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Children of the Liberation

Transatlantic Experiences and Perspectives of Black Germans of the Post-War Generation


Edited By Marion Kraft

This volume was originally published in German in 2015, commemorating the end of World War II seventy years earlier and acknowledging the contribution of African American soldiers to Germany’s liberation from fascist rule. Using an interdisciplinary approach, it collects the voices of some of the descendants of these World War II heroes. In this volume, Black Germans of this post-war generation relate and analyse their experiences from various perspectives. Historical, political and research essays alongside life writing, interviews and literary texts form a kaleidoscope through which a new perspective on an almost forgotten part of German history and US American–German relationships is conveyed. The collection explores causes and consequences of racism in the past and in the present as well as developing strategies for achieving positive changes.
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Black Germans: Social Realities and Problems of a Neglected Minority (Bärbel Kampmann)


← 308 | 309 →


Black Germans: Social Realities and Problems of a Neglected Minority1

52.  Bärbel Kampmann. Courtesy of Harald Gerunde. ← 309 | 310 →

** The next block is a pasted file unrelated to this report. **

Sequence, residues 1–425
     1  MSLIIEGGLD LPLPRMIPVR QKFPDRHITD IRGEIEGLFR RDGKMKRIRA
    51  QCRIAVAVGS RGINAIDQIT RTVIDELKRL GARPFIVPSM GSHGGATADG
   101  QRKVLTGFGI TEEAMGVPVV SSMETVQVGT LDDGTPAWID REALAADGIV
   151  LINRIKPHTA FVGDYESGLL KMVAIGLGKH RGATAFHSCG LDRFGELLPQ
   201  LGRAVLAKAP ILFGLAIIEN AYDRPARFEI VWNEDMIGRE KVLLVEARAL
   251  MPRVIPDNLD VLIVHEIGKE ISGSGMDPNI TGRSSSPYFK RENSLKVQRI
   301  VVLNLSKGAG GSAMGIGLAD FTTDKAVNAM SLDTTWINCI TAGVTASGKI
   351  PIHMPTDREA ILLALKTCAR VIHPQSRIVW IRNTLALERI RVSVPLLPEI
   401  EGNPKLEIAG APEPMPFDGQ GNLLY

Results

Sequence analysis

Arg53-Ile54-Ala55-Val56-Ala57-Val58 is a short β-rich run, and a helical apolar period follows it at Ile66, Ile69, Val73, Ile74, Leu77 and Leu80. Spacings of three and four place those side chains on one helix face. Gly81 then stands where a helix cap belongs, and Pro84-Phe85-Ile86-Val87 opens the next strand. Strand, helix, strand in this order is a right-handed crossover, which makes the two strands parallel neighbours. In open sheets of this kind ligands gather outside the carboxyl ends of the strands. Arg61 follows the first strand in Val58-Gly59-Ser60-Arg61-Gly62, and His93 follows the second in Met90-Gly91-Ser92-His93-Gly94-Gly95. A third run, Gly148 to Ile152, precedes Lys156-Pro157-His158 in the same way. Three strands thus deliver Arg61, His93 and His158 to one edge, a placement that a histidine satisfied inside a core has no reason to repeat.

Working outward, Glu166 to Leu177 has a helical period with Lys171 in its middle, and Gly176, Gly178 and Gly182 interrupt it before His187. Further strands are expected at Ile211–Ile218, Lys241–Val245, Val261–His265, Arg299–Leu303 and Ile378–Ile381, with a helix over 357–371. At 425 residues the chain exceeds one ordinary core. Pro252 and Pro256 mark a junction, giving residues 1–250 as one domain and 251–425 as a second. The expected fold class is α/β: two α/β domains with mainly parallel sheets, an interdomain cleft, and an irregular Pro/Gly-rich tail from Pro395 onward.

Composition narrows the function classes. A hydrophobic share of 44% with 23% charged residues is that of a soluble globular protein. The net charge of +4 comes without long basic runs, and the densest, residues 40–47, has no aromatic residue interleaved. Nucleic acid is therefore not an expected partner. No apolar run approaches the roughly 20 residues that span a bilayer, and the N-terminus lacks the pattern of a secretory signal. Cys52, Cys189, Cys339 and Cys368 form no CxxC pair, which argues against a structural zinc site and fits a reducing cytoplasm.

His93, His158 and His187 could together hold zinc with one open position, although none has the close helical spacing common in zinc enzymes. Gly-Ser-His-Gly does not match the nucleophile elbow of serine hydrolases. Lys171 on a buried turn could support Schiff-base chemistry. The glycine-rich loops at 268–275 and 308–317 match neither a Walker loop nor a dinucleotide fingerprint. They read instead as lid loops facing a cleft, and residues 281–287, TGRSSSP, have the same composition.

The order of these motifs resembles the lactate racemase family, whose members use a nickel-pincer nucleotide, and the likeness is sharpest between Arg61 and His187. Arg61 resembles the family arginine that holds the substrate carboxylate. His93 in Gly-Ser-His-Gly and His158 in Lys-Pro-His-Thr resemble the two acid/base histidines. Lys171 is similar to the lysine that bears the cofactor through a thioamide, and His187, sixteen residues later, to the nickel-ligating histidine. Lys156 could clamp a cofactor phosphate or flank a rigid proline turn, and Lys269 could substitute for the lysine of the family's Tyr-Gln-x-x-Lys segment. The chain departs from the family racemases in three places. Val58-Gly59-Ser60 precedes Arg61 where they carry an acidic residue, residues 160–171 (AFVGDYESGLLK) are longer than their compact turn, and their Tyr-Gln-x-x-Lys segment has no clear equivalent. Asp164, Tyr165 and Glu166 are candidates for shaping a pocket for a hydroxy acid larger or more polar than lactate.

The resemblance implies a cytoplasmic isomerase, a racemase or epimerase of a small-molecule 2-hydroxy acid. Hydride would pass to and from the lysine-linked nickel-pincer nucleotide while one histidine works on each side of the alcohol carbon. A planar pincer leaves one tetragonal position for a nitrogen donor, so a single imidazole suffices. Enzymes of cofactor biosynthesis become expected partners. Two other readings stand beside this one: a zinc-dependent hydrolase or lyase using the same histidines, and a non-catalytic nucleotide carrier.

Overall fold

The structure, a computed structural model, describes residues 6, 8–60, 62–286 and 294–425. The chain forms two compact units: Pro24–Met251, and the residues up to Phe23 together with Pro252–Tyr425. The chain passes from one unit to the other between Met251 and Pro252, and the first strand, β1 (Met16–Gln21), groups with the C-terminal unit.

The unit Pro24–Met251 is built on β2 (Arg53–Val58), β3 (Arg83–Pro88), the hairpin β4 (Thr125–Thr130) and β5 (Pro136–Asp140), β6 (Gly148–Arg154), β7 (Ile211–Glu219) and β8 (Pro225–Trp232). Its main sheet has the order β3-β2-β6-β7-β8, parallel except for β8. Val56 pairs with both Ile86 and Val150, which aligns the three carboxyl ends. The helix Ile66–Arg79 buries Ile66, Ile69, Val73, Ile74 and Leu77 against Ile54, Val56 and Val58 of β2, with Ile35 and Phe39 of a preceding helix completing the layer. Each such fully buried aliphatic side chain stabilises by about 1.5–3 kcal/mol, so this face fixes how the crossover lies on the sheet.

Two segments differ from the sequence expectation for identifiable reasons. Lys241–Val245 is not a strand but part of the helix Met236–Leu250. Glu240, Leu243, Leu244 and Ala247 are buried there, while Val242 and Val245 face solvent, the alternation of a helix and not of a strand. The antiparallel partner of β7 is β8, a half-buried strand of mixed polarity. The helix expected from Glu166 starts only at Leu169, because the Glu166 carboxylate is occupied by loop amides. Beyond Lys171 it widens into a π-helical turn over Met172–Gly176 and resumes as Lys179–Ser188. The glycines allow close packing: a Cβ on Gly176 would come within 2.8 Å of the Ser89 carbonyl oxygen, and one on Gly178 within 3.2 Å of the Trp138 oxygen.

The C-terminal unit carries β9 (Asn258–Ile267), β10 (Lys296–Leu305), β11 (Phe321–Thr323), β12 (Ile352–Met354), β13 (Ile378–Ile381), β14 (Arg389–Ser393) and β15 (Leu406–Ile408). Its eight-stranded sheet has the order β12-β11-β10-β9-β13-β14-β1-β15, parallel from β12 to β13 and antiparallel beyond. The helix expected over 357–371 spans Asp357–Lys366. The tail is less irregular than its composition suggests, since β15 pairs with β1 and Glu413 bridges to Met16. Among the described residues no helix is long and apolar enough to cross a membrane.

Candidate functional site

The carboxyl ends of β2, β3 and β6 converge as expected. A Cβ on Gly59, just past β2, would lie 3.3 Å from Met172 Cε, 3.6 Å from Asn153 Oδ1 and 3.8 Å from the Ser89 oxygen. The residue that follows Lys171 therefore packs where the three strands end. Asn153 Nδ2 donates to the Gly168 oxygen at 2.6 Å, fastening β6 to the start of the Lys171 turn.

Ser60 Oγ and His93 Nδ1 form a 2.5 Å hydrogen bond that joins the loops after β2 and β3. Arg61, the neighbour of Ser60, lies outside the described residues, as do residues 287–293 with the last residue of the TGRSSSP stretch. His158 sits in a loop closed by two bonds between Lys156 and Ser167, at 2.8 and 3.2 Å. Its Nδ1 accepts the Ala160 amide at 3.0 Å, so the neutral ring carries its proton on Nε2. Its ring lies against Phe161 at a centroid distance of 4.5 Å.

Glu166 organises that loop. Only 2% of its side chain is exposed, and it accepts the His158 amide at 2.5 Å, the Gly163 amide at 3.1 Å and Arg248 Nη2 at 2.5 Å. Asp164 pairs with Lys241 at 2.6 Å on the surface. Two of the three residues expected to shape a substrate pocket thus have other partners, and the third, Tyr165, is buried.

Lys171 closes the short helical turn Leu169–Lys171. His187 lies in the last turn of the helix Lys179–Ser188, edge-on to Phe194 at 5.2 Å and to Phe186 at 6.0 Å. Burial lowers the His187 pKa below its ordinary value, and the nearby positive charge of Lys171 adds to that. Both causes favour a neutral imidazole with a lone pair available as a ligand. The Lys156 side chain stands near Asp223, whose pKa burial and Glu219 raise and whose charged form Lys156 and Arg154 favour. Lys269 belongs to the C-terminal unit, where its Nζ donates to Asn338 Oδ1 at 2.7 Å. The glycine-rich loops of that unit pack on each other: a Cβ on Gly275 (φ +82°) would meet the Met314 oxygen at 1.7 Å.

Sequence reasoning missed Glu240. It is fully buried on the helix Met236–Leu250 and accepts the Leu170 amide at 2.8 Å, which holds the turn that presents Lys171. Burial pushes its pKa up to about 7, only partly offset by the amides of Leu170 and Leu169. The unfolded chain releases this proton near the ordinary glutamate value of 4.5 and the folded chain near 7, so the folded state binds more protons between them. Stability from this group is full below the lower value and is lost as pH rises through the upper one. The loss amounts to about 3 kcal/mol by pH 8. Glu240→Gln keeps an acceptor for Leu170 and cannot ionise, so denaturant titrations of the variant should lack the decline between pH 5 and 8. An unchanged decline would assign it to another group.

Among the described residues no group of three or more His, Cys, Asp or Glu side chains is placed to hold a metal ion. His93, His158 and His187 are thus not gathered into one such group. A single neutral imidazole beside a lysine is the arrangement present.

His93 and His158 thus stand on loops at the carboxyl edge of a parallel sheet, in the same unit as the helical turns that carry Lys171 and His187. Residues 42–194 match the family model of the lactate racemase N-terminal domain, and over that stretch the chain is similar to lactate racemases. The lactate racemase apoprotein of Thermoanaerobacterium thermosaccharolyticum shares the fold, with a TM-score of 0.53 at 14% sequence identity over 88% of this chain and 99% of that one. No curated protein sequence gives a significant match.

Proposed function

We are currently experiencing the world’s greatest turmoil since the end of the war. This includes migratory movements as well as their direct and indirect effects, such as racism and right-wing extremism. In fact, all of Europe has been confronted with an increase in racism and violent racist attacks. Among other things, racism fulfills the function of maintaining the principle of “divide and rule” by mobilizing people of different social backgrounds against marginalized groups. This mechanism can be clearly observed in reunited Germany. This nation-state, one of the richest in the world, which can maintain its supremacy only through the exploitation of the so-called Third World, has an extraordinary interest in distracting the public’s attention from political failures, false promises and social deprivation. Instead, an ideology has been constructed that attributes social deprivation and the threat of the loss of prosperity to migrants and refugees. The fact that racists who attack these groups do not ask to check passports, but attack all those who “visibly” appear to belong to a minority, is grounded in a concept of “race” based on the fiction of the purity of “whiteness”, as well as the conviction that non-white people are inferior. In the existing social situation, I believe that it is necessary for everyone to take...

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